• Mode 6: Color Vortex. Set three colors and the RPM. This mode is not perfect, but the idea is that the lights swirl around the clock. There is built in randomness so it's best to just use the temperature slider to pick whether the vortex starts out warm or cool.
  • Mode 7: Rainbow. Set the Cycle speed, the RPM is fairly useless here. This was a pre-made example from the Neopixel Library with some edits to allow the board to still respond to user inputs.

Once the settings are chosen, pressing any button will send an HTML form to the board, which uses the values in the form to change the display settings. The "Engage" button sends all the settings, while the two clock buttons send only the clock brightness. The "off" button is supposed to just turn off the LED strip, however there is a bug that is preventing that from working. Pressing "Engage" without changing any settings seems to work instead. Once the board has parsed the settings, it redirects your browser to the initial HTML page.

Note: Setting the alarm time changes the system mode to 1, which will stop any mode that was running before and reset all settings. However, starting a different mode after setting the alarm time does not change the time that you set, so you can set your alarm and then start a new mode. If the new mode is not turned off before the alarm starts fading in the white light, this can cause flashing. To prevent this, the board is hard-coded to turn off all lights and set the system mode to 1 (alarm) at 2am without changing the set alarm time. This hard cutoff time can be changed in the arduino code.

Step 4: Setting Up Your Network and Connecting

This step is a bit vague since every router is different. Google your particular router model to find the settings you need to change.

You need to log into your router and probably turn on advanced mode. On my router, I have to go to DHCP Server to reserve an IP address. Find your ESP8266's MAC address; it'll be the one on the DHCP client list (or your router's equivalent) that goes away whenever you unplug the ESP.

Use the MAC address to reserve the lamp's IP address. Make sure the entry is enabled if your router has that setting.

If you want to connect from outside your personal network, you'll have to google your router to find out how to set up port forwarding.

Step 5: 3D-Printed Parts

The printed parts should fit on most printers. There are two parts: The mount and the shade.

The mount is what the LED strip is wrapped around, in a spiral pattern, and it's diameter is such that a 60-LED, 1-meter strip should wrap around 3 times and all the LEDs should align axially. If you are using a strip where the LEDs are spaced differently and don't align on the mount like they should, change the diameter with the models provided. The diameter is C/pi, where C is the circumference and is 1/3 the length of the strip. The semicircular openings at the wall-side of the mount allow for the power cable and airflow to pass through. The cross-braces provide rigidity and a surface to apply command-strips to for mounting.

The shade has a friction fit with the mount, and there is a notch to align the shade with the mount. The notch should be at the 12- or 6-o'clock position when mounted on the wall, and the 7-segment clock display should be aligned with the notch. The shade acts as a diffuser for the lights and is very thin as a result. I printed it with a .5mm nozzle, and most commercial printers come with .4mm nozzles so there should be few issues, but be sure to check your slicer to make sure the shade will print properly. Also be sure to use a white or otherwise translucent plastic for the shade. Other colors will distort the colors of the lights or block too much light.

Be sure to check that the digital clock display you are using fits in the shade. It is designed to friction-fit in place with enough clearance for the clock's wires. Use the models to change the clock mount. When changing the shade's model, be sure to keep the thickness of the front face under 1mm, so that the clock is visible through it with little diffusion.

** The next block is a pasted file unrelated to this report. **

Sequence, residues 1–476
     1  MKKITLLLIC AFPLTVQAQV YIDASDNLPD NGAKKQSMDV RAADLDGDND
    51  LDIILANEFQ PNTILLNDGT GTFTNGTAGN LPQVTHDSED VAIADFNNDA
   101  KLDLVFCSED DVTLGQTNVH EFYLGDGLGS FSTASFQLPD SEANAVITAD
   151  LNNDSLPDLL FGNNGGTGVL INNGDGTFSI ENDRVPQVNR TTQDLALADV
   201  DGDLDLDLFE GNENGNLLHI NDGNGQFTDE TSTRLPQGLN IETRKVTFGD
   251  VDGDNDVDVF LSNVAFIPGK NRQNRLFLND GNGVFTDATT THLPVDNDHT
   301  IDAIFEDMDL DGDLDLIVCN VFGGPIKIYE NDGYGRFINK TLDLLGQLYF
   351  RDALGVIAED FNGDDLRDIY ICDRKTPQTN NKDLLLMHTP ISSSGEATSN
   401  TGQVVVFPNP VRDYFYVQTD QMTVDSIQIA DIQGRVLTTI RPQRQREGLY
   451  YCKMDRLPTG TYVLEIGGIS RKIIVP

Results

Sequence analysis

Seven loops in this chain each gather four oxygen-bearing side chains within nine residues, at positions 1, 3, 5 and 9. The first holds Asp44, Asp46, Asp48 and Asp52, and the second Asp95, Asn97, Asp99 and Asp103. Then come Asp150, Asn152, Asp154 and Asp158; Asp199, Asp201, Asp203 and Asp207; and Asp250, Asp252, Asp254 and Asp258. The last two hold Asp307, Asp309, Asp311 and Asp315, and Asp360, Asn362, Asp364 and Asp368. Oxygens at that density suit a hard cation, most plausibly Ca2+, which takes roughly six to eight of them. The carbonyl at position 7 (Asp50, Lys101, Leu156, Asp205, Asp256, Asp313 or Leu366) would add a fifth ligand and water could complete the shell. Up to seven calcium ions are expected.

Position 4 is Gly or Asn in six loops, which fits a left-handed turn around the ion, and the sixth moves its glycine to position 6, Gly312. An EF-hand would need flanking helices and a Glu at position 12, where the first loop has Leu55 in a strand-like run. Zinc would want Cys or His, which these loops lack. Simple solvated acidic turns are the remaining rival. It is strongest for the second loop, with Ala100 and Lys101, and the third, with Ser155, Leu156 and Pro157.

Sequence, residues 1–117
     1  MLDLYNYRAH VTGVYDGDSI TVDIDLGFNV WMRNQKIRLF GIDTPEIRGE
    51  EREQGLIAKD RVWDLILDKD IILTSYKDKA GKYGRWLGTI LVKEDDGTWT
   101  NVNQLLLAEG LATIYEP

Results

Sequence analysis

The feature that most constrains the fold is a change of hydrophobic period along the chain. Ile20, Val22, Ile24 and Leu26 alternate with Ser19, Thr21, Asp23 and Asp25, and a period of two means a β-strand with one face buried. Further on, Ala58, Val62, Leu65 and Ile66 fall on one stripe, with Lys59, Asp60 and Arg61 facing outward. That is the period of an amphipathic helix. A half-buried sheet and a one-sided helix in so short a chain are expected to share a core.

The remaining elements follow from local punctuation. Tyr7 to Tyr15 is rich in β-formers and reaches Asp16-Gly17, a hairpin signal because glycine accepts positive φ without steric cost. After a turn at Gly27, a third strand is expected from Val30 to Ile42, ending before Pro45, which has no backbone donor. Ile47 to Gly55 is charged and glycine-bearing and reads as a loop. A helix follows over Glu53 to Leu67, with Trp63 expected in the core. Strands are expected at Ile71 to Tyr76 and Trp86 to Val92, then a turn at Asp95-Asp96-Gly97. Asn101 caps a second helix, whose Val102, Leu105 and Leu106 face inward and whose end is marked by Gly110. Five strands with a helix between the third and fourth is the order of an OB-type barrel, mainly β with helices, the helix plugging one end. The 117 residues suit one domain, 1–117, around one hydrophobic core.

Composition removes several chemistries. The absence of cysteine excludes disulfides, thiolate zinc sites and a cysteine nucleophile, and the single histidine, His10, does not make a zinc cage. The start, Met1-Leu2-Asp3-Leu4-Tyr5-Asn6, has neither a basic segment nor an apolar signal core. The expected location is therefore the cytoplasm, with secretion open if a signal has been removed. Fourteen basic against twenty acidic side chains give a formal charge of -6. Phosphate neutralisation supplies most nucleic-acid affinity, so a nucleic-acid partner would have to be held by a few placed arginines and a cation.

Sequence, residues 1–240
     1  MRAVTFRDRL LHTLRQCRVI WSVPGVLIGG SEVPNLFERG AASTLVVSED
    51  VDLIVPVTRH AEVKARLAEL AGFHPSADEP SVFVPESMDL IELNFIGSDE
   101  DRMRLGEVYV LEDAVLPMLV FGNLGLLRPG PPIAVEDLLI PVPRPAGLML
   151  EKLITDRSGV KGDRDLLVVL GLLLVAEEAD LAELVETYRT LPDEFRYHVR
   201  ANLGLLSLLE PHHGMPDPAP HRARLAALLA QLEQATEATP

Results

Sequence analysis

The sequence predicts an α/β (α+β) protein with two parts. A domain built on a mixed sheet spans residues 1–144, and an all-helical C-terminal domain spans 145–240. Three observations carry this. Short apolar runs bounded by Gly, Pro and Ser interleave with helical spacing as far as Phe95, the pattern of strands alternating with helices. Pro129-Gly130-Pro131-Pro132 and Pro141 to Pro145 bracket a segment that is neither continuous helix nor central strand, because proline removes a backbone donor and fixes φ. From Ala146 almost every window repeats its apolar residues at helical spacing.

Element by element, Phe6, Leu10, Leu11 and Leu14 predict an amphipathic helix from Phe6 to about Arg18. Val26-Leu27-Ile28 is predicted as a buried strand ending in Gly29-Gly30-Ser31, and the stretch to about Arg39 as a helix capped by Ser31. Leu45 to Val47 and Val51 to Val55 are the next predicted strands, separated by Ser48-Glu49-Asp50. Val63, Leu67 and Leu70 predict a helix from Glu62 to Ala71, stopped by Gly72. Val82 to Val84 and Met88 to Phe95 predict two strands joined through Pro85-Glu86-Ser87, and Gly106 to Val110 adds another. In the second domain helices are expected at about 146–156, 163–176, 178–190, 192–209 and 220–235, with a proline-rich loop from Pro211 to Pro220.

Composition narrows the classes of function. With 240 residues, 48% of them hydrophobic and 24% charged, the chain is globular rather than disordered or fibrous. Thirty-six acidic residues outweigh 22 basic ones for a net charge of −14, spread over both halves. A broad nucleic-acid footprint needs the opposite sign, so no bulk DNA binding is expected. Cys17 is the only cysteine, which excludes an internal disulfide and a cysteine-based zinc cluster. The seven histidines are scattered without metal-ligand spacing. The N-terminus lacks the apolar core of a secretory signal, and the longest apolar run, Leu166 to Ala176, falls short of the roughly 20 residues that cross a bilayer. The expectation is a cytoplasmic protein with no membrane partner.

Step 6: Wiring and Board Assembly

The board and wiring is far less complicated than my fish feeder. Simply solder a couple of rows of female header pins to a protoboard for the ESP-8266-12e to sit in, as well as two rows of male head pins to attach power. I soldered the two clock data wires and the LED strip data wire to their respective pins on the protoboard, and all power and ground wires were soldered to the respective power rails I made on the back of the board.

The other side of these wires should be female headers for the clock and the LED strip connector for the LED strip. You may need to solder male pins to the clock and I recommend angled pins for it. The LED strip wires and power wires should be routed to the wall side of the board (the side with the ESP) and the clock wires should be routed to the front side (where all the solder joints are).

For a power line, I used 6ft of 16-26 stranded copper wire. It was a bit thick so I split each wire between three female pins to connect to the power and ground rails. The other side should be whatever connector you got for your power supply.

Hot glue all the exposed solder joints (especially on the power cable, and ESPECIALLY if there is exposed copper like mine) to insulate everything from accidental shorts. You can also hot glue the clock to the board (back of clock to solder side of board), but I found that this was a weak joint and wasn't all that necessary once everything was mounted.

Coil the LED strip around the outside of the mount. BE SURE to test the strip in mode 2 to check that the analog clock is going in the right direction. Be sure to leave a ~5 mm gap from the front edge for the shade. The first LED of the strip (the LED the seconds color appears on at the top of each minute, at one end of the strip) goes at the 12 o'clock position. when the lamp is mounted to the wall. When you have LED strip in place, use its adhesive backing (if it has one) or glue to stick it to the mount. Super glue will work best if the strip doesn't have an adhesive backing. Use scotch tape to hold the strip in place while testing and while glue dries.

Thread the LED wires through the semicircular holes into the mount to connect to the board. The power cable is also threaded through here, be sure to pick a hole that the cable won't pull on due to gravity or accidental pulls.

Step 7: Mounting

To mount to the wall, simply use 3-4 3M command strips, or as many as you like. Use the notch in the mount to check that it is level. After the mount is mounted, connect the power cable and LED wires to the board, and insert the clock into the shade. Then, simply pop the shade onto the mount and plug the power cable into the power supply!